Half of Hurricane-Ravaged Puerto Rico Faces Lack of Drinking Water

 In U.S.
Nearly half of Puerto Rico’s 3.4 million residents still lack potable water one week after Hurricane Maria wreaked havoc on the island, officials reiterated Wednesday — as locals literally scrambled to stay alive.

About 44 percent of the Puerto Rican population remains without drinking water, the Department of Defense said in a statement Wednesday.

“Given the changing scope and conditions, DoD will adjust its concept of operations in Puerto Rico and transition from a short term, sea-based response to a predominantly land-based effort designed to provide robust, longer term support to [the Federal Emergency Management Agency] and [to Puerto Rico],” the statement, from Defense Department spokesman Army Lt. Col. Jamie Davis, read.

Meanwhile, many locals said they were struggling to find safe drinking water and increasingly worried about a looming public health crisis in the U.S. territory.

“This paradise has turned into hell lately in the last couple of days,” said Gregorio Cortés, a doctor from Carolina, Puerto Rico, by phone on Wednesday.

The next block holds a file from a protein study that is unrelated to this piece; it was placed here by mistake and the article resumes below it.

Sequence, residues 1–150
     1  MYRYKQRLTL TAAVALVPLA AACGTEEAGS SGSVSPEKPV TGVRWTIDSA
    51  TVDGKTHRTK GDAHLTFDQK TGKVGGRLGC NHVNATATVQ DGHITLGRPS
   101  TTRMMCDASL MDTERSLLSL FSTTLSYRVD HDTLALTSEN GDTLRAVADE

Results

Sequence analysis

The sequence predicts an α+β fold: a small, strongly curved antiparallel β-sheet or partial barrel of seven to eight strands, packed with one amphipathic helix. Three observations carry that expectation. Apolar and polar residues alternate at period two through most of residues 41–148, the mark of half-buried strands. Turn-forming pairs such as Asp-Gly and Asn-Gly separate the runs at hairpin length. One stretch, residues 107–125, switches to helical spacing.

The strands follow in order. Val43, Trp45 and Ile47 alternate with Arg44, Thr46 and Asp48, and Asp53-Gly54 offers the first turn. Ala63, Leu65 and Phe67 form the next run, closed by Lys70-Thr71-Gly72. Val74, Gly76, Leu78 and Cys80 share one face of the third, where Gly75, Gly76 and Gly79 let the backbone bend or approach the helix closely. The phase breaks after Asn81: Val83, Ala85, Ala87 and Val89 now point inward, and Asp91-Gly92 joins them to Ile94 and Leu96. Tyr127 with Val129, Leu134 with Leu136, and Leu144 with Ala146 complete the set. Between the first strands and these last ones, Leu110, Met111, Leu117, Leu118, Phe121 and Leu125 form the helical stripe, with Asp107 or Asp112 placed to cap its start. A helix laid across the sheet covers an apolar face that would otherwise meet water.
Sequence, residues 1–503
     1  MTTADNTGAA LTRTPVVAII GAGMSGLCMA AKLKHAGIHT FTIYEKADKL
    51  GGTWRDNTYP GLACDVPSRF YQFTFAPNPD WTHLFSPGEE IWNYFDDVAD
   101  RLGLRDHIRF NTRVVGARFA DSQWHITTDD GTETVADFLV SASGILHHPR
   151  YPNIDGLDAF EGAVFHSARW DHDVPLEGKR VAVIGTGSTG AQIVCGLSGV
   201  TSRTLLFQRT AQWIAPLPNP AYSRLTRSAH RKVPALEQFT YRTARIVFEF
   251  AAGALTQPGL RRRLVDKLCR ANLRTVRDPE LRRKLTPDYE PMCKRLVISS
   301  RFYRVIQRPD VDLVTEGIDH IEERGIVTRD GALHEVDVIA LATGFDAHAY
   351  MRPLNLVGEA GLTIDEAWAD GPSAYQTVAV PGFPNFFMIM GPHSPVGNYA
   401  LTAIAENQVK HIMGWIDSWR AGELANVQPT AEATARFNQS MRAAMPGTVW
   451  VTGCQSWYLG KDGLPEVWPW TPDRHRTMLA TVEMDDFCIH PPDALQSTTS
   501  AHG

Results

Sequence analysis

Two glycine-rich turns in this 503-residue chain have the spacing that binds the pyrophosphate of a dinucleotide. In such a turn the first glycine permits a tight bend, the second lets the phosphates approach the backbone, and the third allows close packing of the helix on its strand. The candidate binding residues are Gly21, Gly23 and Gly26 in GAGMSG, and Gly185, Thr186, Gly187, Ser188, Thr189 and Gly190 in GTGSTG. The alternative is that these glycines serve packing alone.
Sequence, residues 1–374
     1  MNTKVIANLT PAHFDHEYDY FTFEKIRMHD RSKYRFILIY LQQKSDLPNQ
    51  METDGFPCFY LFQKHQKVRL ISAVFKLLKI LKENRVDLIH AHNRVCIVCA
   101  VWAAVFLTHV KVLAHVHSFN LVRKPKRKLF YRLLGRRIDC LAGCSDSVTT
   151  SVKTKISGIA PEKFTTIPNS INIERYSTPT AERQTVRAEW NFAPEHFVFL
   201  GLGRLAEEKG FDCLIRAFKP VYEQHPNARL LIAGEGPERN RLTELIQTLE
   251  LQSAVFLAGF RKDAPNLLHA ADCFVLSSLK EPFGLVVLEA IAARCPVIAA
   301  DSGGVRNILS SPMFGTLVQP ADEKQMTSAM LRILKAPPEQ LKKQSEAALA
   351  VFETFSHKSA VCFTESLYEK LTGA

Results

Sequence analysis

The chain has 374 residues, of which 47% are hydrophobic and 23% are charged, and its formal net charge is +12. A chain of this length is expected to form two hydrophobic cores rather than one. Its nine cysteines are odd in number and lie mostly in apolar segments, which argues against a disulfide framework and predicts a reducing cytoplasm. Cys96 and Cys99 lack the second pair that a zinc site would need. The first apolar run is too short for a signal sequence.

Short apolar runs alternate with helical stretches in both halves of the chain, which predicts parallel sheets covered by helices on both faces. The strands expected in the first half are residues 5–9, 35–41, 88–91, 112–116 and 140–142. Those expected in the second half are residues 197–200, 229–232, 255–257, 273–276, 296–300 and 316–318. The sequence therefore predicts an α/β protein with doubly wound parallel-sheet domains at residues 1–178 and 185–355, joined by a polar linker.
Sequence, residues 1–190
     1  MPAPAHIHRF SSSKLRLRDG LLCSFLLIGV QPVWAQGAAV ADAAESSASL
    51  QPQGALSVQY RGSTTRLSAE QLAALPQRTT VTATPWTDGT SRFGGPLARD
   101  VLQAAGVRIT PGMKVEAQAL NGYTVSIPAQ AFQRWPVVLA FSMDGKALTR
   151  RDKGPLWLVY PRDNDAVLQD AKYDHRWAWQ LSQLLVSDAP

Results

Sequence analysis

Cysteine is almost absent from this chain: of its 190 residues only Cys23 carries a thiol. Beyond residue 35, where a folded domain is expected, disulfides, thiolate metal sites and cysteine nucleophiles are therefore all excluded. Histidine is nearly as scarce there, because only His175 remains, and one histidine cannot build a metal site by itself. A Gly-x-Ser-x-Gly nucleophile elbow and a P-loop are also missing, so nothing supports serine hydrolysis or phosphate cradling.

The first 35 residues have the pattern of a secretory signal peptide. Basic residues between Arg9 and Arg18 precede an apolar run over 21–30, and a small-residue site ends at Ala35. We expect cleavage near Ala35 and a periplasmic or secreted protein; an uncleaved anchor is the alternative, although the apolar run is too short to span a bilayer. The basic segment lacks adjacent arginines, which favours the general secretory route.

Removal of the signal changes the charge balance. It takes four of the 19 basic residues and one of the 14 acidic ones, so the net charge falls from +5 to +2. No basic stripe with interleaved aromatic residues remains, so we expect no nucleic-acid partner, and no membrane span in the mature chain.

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“Pharmacies and supermarkets are starting to close because they don’t have enough diesel supply to keep running so people are having less and less opportunity to find drinking water and food or supplies, he said.

Cortés said many on the lived in worry about where they would find their next supply of water for themselves and their families. “That’s everyday life for us now,” he said.

People sometimes travel long distances after hearing a particular store still had drinking water and food left, only to leave empty handed, he added.

In the northern municipality of Bayamón, mother Betsy Chilea described looking for water for her children.

“It’s very hard because we don’t have anything,” she told NBC News.

When asked if she had seen federal aid in the area, she said, “No! Not anything. Don’t see anything.”

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Cortés, who is father to a 7-year-old and 3-year-old, said that even for families who have had their running water restored, there is major risk that it is not clean enough to drink because of contamination.

“We’re boiling the water and after we boil it we are filtering it and especially since I have small kids we worry about them and their safety,” he said.

There are more than 8,800 federal staff, including 600 FEMA workers, on the ground in Puerto Rico and the U.S. Virgin Islands aiding recovery efforts after Hurricanes Irma and Maria, FEMA said Wednesday.

Image: People queue to fill containers with water from a tank truck at an area hit by Hurricane Maria in Canovanas

People queue to fill containers with water from a tank truck at an area hit by Hurricane Maria in Canovanas, Puerto Rico, Sept. 26.